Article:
Trust and belief: a preemptive reasons account

Synthese 191 (12):2593-2615 (2014)
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Abstract

According to doxastic accounts of trust, trusting a person to \(\varPhi \) involves, among other things, holding a belief about the trusted person: either the belief that the trusted person is trustworthy or the belief that she actually will \(\varPhi \) . In recent years, several philosophers have argued against doxastic accounts of trust. They have claimed that the phenomenology of trust suggests that rather than such a belief, trust involves some kind of non-doxastic mental attitude towards the trusted person, or a non-doxastic disposition to rely upon her. This paper offers a new account of reasons for trust and employs the account to defend a doxastic account of trust. The paper argues that reasons for trust are preemptive reasons for action or belief. Thus the Razian concept of preemptive reasons, which arguably plays a key role in our understanding of relations of authority, is also central to our understanding of relations of trust. Furthermore, the paper argues that acceptance of a preemptive account of reasons for trust supports the adoption of a doxastic account of trust, for acceptance of such an account both neutralizes central objections to doxastic accounts of trust and provides independent reasons supporting a doxastic account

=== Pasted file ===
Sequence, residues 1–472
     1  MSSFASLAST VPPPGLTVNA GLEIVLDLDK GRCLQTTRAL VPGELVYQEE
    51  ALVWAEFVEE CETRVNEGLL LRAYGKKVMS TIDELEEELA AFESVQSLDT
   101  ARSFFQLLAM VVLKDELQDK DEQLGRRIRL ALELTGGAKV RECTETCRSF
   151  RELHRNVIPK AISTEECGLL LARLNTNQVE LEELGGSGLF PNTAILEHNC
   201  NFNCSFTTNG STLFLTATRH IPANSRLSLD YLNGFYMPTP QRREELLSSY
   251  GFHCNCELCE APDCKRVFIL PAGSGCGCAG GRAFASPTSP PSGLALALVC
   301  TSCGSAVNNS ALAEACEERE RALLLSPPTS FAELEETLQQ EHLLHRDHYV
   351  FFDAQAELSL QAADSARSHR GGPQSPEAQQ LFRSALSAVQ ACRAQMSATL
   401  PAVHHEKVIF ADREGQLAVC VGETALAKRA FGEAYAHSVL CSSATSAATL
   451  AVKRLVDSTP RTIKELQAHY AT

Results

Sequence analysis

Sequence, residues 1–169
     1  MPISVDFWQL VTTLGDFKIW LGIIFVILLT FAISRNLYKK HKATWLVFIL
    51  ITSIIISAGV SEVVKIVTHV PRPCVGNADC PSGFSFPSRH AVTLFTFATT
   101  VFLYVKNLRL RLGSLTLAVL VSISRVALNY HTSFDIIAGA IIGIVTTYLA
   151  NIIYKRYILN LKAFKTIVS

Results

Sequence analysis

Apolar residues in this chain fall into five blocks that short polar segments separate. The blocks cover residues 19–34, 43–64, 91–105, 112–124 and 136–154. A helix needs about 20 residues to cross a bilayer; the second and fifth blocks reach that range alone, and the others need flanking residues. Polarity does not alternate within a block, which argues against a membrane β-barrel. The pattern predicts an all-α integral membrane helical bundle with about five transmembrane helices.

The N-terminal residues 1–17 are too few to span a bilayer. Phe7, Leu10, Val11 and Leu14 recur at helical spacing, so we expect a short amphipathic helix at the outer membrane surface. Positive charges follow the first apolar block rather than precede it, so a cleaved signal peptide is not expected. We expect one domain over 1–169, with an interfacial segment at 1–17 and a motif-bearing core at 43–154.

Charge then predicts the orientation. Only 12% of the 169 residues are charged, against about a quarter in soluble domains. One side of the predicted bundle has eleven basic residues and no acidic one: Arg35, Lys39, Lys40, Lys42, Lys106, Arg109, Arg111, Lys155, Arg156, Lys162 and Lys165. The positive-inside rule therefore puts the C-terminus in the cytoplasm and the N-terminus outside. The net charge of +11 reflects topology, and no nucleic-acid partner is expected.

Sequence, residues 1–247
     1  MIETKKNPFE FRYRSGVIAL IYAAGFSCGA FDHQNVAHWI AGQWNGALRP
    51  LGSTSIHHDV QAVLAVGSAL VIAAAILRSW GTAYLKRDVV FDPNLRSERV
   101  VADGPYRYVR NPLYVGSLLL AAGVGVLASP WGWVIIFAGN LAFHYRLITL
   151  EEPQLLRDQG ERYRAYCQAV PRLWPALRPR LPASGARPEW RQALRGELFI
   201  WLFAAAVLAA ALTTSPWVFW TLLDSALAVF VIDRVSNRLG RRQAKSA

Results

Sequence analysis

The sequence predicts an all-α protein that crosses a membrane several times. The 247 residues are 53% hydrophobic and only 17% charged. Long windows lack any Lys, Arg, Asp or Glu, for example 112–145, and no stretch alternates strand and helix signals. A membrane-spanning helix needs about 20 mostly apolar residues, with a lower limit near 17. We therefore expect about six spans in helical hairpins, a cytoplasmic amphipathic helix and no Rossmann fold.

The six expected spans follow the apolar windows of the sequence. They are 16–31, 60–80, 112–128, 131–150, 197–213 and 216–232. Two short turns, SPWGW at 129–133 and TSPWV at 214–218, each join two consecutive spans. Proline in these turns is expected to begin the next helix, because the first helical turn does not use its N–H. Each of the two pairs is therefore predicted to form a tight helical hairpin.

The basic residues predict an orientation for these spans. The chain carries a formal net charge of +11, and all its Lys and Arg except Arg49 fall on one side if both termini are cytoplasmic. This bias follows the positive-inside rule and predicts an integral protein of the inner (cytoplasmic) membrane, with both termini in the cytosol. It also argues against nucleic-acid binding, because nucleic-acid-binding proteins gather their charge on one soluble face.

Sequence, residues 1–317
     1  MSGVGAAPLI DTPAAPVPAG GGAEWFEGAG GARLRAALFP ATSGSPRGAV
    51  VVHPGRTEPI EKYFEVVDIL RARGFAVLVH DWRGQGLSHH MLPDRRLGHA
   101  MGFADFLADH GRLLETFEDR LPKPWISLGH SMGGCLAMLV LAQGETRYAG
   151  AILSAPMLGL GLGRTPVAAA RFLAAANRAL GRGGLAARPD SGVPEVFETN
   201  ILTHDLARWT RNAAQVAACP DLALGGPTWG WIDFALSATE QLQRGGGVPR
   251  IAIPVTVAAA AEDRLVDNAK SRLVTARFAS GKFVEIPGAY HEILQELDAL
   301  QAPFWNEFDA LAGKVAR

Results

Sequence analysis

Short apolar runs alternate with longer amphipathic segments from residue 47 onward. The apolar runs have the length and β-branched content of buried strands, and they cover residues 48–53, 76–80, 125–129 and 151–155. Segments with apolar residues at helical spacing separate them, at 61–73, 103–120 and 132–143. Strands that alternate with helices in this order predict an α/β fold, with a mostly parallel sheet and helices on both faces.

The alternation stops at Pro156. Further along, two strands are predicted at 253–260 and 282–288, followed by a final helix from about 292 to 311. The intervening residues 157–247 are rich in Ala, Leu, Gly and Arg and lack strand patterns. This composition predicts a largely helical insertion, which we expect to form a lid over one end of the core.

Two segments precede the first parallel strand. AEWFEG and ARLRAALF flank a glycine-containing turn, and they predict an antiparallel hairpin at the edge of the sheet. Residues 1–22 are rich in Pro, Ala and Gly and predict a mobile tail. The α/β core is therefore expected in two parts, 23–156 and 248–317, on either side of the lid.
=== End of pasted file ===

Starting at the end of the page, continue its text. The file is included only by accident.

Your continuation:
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Arnon Keren
University of Haifa

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